Amnesty announces urgent action to help Ukrainian prisoner subjected to forced psychiatric treatment


Amnesty International has announced an urgent call to action to help Stanislav Klykh, an unlawfully sentenced Ukrainian prisoner who was subjected to forced psychiatric treatment in Russia.

“Stanislav Klykh, a Ukrainian national detained in Russia in 2014, has been subjected to forced psychiatric treatment by prison authorities. His mother is in Ukraine, unable to regularly visit him due to the prison’s remote location, and his health is rapidly deteriorating,” the statement says.

Amnesty details that Klykh, held since 3 March 2017 in a prison colony in the town of Verkhneuralsk, in Russia’s Chelyabinsk region, staged a 12 day hunger strike in July 2017 in protest of his imprisonment after a grossly unfair trial. He subsequently felt unwell and wrote to the prison administration requesting medical treatment for his low blood pressure and hemoglobin level. Instead of sending him to a regular medical facility, the prison authorities transferred Stanislav to a psychiatric hospital in the city of Magnitogorsk on 28 August, where he was held against his will until 8 September.

At the hospital, Stanislav Klykh was subjected to forced psychiatric treatment and the medical staff repeatedly injected him with substances, in what may amount to torture or other ill-treatment. His mother said the treatment made him feel “stiff like a log.” The authorities have not disclosed the name of the medication Stanyslav Klykh was being forced to take nor its purpose. Following his stay at the psychiatric facility in Magnitogorsk, Stanislav Klykh lost 15 kilograms.

According to his mother, Tamara Klykh, who was able to visit him on 10, 11 and 12 October, Stanislav Klykh had bedsores and five of his fingers were heavily injured. His mother told Amnesty International that her son was behaving “like a small child” and was unable to perform basic tasks such as washing. The prison nurse told Tamara Klykh that following his return from the psychiatric hospital, Stanyslav Klykh was unable to use his arms. There are concerns that Stanislav Klykh has not received the adequate medical care he requires.

Stanislav Klykh is being held in Verkhneuralsk, more than 2,500 kilometers from where his mother lives in Ukraine. Stanyslav Klykh’s mother has therefore only twice been able to visit her son since he’s been detained in 2014.

Amnesty urges to write before 19 January 2018 in Russian or your own language:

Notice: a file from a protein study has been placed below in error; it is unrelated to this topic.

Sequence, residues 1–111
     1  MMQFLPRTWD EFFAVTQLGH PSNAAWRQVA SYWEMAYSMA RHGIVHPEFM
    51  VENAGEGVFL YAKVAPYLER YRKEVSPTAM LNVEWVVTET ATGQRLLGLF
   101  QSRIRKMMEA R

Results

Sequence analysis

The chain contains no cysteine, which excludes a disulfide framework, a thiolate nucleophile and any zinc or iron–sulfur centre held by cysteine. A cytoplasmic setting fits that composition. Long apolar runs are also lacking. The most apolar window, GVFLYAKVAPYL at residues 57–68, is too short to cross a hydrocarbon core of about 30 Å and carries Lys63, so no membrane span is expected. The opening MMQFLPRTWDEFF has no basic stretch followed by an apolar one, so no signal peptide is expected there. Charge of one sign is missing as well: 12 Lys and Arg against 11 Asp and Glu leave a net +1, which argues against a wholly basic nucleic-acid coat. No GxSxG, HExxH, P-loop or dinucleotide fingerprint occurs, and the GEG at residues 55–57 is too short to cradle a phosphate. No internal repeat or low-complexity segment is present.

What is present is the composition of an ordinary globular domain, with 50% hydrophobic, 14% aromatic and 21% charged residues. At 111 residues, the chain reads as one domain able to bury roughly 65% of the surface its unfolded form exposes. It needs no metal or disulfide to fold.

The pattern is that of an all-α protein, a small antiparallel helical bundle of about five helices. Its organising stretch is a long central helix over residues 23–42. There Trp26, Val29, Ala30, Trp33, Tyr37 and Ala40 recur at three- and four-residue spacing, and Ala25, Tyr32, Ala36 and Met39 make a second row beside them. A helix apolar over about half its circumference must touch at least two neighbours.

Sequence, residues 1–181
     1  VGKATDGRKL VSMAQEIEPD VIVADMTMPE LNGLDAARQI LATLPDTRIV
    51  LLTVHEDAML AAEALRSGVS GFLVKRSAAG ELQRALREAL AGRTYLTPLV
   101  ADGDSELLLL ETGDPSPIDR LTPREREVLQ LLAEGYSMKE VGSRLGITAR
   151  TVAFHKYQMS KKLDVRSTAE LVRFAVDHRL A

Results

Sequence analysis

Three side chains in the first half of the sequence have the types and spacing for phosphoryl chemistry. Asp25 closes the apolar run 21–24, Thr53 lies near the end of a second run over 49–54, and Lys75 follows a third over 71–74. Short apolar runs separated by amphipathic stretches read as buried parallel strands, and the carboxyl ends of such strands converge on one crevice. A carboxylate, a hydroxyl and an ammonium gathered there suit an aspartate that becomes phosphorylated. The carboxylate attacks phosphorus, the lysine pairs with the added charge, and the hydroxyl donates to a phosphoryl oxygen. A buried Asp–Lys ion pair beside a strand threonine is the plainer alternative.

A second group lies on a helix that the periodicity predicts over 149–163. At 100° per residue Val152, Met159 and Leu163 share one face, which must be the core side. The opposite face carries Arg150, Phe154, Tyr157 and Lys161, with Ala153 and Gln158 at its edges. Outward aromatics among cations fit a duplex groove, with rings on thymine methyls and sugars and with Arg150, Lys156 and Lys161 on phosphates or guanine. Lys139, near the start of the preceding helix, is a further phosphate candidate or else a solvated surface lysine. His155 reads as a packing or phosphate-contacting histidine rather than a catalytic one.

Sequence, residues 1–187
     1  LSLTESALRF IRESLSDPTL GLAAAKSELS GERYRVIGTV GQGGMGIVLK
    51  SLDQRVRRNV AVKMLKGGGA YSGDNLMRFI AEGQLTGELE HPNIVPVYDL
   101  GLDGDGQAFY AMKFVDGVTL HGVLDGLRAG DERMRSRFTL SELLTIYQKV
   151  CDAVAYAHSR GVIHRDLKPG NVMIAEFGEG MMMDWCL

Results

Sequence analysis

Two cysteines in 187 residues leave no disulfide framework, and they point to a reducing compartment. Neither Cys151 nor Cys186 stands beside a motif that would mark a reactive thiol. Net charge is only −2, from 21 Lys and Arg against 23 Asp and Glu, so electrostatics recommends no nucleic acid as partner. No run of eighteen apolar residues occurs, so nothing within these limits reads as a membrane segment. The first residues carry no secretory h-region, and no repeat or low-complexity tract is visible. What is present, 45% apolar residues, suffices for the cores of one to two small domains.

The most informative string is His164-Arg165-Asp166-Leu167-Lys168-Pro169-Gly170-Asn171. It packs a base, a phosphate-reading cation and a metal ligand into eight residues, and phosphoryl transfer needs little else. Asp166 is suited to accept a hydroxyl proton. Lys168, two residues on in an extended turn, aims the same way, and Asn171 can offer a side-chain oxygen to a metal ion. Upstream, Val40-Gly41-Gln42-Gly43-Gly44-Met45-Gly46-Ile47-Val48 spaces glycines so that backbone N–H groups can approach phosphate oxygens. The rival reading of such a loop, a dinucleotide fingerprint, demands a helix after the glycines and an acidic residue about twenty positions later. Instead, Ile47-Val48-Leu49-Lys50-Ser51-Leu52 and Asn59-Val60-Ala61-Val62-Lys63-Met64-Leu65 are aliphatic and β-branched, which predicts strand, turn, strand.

• Calling on the Russian authorities to immediately disclose the details of the treatment and medication Stanyslav Klykh was forced to take and ensure he has access to the adequate medical treatment he may require, including a full mental healthcare assessment by an independent expert;
  • Urging the authorities to carry out a prompt, thorough, independent and impartial investigation into Stanyslav Klykh’s allegations of torture and other ill-treatment and ensure his access to effective remedies;
  • Urging the authorities to transfer Stanyslav Klykh to a prison colony closer to the Ukrainian border and ensure he has regular access to visits from his mother.
  • Addresses: Prosecutor General Yurii Yakovlevich Chaika, Prosecutor General’s Office, ul. B. Dmitrovka, d.15a, 125993, Moscow, GSP- 3, Fax: +7 495 987 5841/, +7 495 692 1725, Salutation: Dear Prosecutor General
  • Human Rights Ombudsman of the Russian Federation, Tatiana Nikolaevna Moskalkova, Ul. Miasnitskaia, 47, 101000, Moscow, Fax: +7 495 607 7470 /, +7 495 607 3977 (to check if fax received: +74956071854
  • And copies to: Head of Federal Penitentiary Service of St. Petersburg and Leningrad Region, Arsenalnaya Nab. d. 7, Fax: +7 812 272 8331, Email:
  • Also send copies to diplomatic representatives accredited to your country. Please insert local diplomatic addresses below. Please check with your section office if sending appeals after the above date. This is the second update of UA 157/16. Further information:

Stanislav Klykh and his co-defendant Mykola Karpyuk were sentenced on 26 May 2016 after a grossly unfair trial at the Supreme Court of Chechnya to 20 and 22 years’ imprisonment respectively, having been accused of leading a band of fighters that participated in the conflict in Chechnya in 1994-1996, and allegedly killing 30 Russian servicemen. The accusations were based on “confessions” extracted under torture, and the testimony of one witness, who had also been sentenced for killing Russian servicemen in Chechnya.

Read more: Russia’s “Chechen” show trial of Ukrainians, explained

Additionally, please send a letter or postcard to the two men! They greatly need to see they have not been forgotten. Find instructions and addresses here.